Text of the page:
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Explore The Ways In Which Priestley Creates Sympathy For The Character Of Sheila Birling In ‘An Inspector Calls’

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Explore The Ways In Which Priestley Creates Sympathy For The Character Of Sheila Birling In ‘An Inspector Calls’
Explore The Ways In Which Priestley Creates Sympathy For The Character Of Sheila Birling In ‘An Inspector Calls’

In J.B Priestley’s play ‘An Inspector Calls’, which is written after the First World War and like much of his work contains controversial, politically charged messages. In this play J.B Priestley present Sheila Birling’s change during the play, Priestley purposefully chose to present Sheila in this way to show the audience that her change should influence them to change their views too.

Priestley uses a range of interesting techniques in order to present Sheila’s change in this play form how we perhaps see her as not an entirely sympathetic character at the start of the play. One of the most intriguing methods he uses is language technique to express certain messages that J.B Priestley tried to present. At the beginning of Act One, Sheila is presented as a stereotypical young middle class woman-Naive and immature.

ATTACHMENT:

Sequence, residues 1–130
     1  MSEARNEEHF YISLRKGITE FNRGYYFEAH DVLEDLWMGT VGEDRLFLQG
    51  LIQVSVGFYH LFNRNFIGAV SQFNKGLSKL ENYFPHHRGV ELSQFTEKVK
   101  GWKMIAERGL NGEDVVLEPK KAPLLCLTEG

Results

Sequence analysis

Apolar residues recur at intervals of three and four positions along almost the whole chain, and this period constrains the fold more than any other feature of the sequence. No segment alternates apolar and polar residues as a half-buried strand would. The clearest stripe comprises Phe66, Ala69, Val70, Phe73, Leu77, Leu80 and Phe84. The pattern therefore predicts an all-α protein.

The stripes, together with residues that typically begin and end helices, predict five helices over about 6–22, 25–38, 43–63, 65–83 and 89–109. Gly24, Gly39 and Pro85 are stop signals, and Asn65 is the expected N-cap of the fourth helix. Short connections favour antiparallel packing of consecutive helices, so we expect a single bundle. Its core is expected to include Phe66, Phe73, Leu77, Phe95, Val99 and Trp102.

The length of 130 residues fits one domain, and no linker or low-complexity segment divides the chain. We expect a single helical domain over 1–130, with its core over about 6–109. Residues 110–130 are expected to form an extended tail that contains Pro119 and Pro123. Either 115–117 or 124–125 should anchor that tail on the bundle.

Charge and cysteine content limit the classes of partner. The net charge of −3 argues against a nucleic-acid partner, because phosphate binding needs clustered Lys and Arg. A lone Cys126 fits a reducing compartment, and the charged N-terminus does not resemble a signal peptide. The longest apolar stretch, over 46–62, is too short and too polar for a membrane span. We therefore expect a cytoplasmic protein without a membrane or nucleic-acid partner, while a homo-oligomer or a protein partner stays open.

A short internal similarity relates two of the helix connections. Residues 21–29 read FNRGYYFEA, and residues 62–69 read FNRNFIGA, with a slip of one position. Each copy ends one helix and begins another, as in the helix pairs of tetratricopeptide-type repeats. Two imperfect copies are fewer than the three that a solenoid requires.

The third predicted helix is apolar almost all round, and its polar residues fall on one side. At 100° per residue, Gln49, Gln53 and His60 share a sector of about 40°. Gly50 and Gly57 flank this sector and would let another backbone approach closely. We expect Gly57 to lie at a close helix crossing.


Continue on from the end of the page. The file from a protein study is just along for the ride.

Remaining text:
Priestley stages Sheila’s character through her childish language before the Inspector arrives, such as when she was talking to her brother Eric, “You’re squiffy” (p3) and calling her mother “mummy”. This implies that she is childish, innocent, and a naive looking character in the beginning. This makes her seem very silly and not understanding things normally than they seem. While Gerald had proposed to Sheila in the beginning of Act One, showing Sheila talking about the ring Gerald just gave her “Oh-Gerald-You’ve got it-is it the one you wanted me to have?” (P5).

This immediately shows her how the ‘ring’ is what ‘he wanted her to have’ and shows how spoilt she is by her wanting something better and maybe bigger. But when the Inspector had arrived and Sheila had heard of what had happened to Eva Smith, she “cant help thinking about this girl-destroying herself so horribly-and I’ve been so happy tonight.” (P17). This immediately indicates how she may have seemed childish in this opening act but she has got a different side of

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